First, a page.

Corey Liuget is the highest-paid player on the Chargers defense, the second highest-paid player on the roster behind Philip Rivers, and the fifth-highest paid player at his position. As someone who will earn at least $9.5M over the next three years, one would think he'd consistently show up on tape as a playmaker and a penetrator, but that hasn't really been the case. The truth is, he has been mostly underwhelming and hasn't consistently shown an ability to take advantage of favorable 1-on-1 matchups in the interior of the Chargers defense.
So how would I grade Liuget through the first half of the 2016 season? I think the best way to answer that is to first grade/evaluate each game on an individual basis, then use those grades to determine a season grade. With that in mind, let's get started:
Week 1: Kansas City
Statistics: 3 tackles, three solo tackles, 1 TFL
Analysis: The first thing that stood out to me about this game was that Corey primarily drew one-on-one match-ups in the first three quarters against the Chiefs, and he responded quite well. Through the first three quarters of the game, big #94 recorded a tackle for loss versus the run, had a sack/fumble nullified by penalty, and chased down two screen passes for no gain. He probably had 3-4 pressures, as well. He looked explosive, disruptive, and was finishing plays. Corey struggled late due mostly to a combination of the amount of time the defense spent on the field and the number of double teams he saw in the fourth quarter. After one week he seemed to be benefitting from the weight he lost in the off-season, as well as playing alongside Brandon Mebane. A solid start to the season, and one that left me wondering where he's been the last seven weeks.
Week 2: Jacksonville
Statistics: 1 assist, 0 solo tackles, four pressures, one fumble recovery
Analysis: Corey assisted on a run stop on the first defensive series of the game but made little to no impact versus the run the rest of the game. In addition to recovering a fumble he played no role in forcing, #94 had four pressures, three of which came in garbage time, and he probably should have had a sack but wasn't able to finish. In all candor, I'm probably being generous with the number of pressures I credited him with, but he did speed up Blake Bortles' clock and forced him to flee the pocket on a couple plays, so I'll stick with that number. Corey saw some one-on-one match-ups throughout the game and didn't do nearly enough with them, frequently getting stood up at the line and sticking to blockers. Frankly, he looked like a player who doesn't know how to recover when he doesn't win with his initial move. Not the way I would have expected him to build on a solid opening performance.
Week 3: Indianapolis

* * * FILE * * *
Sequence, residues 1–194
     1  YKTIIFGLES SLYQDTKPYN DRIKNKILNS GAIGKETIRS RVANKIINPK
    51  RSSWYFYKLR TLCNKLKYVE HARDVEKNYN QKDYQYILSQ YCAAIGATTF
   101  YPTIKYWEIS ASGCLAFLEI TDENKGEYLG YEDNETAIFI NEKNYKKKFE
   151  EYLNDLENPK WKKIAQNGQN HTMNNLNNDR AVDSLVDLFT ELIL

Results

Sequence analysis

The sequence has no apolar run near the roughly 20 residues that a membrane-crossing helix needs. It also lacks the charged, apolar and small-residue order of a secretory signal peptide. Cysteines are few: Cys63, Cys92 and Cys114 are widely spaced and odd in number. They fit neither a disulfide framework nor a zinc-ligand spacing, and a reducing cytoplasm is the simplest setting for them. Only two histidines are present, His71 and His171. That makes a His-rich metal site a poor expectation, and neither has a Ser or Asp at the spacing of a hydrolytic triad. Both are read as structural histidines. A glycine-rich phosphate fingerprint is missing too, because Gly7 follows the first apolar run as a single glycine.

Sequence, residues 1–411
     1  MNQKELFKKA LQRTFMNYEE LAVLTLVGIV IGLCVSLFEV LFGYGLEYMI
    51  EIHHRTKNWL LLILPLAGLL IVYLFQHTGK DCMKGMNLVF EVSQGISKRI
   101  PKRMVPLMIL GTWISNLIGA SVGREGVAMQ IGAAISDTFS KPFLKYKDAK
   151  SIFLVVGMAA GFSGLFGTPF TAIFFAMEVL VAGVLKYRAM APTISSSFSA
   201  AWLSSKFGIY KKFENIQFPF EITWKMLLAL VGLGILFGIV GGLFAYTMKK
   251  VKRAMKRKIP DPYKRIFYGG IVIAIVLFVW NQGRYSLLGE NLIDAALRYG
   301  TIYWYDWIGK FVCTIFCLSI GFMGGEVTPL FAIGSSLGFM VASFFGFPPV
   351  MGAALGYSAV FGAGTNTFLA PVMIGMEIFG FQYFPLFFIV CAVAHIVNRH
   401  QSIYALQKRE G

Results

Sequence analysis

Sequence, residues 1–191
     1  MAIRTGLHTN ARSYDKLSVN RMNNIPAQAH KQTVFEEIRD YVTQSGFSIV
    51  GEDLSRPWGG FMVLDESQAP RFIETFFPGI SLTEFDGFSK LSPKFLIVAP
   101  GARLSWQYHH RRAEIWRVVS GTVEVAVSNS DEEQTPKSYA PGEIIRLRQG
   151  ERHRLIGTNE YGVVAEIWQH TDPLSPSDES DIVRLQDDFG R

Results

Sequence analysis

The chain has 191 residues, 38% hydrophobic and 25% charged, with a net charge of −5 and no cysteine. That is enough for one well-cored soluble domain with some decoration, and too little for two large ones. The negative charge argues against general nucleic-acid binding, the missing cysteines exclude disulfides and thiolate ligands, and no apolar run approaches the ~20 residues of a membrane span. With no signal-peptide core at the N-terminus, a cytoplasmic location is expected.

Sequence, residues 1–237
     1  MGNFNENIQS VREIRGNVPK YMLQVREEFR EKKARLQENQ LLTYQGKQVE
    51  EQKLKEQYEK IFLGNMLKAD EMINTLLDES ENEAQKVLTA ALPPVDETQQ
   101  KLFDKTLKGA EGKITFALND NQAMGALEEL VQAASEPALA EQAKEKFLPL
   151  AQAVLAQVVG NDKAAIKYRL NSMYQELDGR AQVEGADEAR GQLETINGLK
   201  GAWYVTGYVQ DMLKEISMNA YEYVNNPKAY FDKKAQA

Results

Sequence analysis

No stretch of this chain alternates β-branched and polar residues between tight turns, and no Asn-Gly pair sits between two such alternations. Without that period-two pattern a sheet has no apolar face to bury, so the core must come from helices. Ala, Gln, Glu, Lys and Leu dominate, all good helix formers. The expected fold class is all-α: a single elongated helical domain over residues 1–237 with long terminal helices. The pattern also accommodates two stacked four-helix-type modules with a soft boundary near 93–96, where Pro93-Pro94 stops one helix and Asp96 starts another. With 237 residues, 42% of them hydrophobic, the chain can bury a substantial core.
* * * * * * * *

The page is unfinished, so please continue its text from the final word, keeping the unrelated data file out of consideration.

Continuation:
Statistics: 4 tackles, three solo, one assist, three pressures, 1 QB hit
Analysis: This one was hard to watch. Corey essentially had four separate games within this one game. He was all but invisible for the 22:00, routinely being driven 2-3 yards beyond the line of scrimmage and having no impact on the game, had a solid 15:00, disappeared for 15:00 and reappeared for the final 700. He recorded pretty much all of his tackles in the 15:00 stretch from the middle of the second quarter to the middle of the third and recorded his lone QB during the Colts game-winning drive. He got stood up too much, took himself out of several plays by vacating his gap, and was pushed around quite a bit. All you need to know here is I stopped looking for Corey to make plays mid way through the second quarter and started looking for "wins," or snaps where he had the advantage, and I could only find seven wins...in 53 snaps...against a horrible offensive line. No bueno.
Week 4: New Orleans
Statistics: 3 tackles, three solo (all run stops), 2 passes defensed, 4-5 pressures
Analysis: This was by far Corey's most complete game through the first quarter of the season. He was active and disruptive versus the run, provided consistent pressure on Brees, tipped two passes and was extremely impactful for the majority of the game. Liuget brutalized Max Unger when lining up in the middle of the defensive line and showed an ability to split double teams we hadn't seen to this point. To me, the biggest difference in this game was in a scheme change that had Liuget attacking the A-gaps as opposed to the B-Gaps he would normally occupy when playing his customary defensive end position. He also seemed to hustle more, chasing down screens and refusing to quit when he didn't win with his first move. He played hard and was productive from the opening kick to the final whistle, which I wasn't able to say through the first three games of the year.